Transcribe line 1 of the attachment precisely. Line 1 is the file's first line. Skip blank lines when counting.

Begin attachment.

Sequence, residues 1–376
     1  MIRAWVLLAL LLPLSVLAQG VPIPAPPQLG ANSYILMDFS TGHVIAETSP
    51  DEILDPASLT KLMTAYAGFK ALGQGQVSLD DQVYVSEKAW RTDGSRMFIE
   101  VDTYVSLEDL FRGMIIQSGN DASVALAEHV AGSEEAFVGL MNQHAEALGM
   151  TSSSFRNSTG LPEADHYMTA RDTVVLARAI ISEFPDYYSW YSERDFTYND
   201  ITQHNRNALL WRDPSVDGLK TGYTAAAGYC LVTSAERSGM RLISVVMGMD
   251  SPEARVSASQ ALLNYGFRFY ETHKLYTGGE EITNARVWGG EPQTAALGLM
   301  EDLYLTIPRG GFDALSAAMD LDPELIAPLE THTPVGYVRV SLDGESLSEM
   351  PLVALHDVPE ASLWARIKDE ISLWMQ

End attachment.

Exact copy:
Sequence, residues 1–376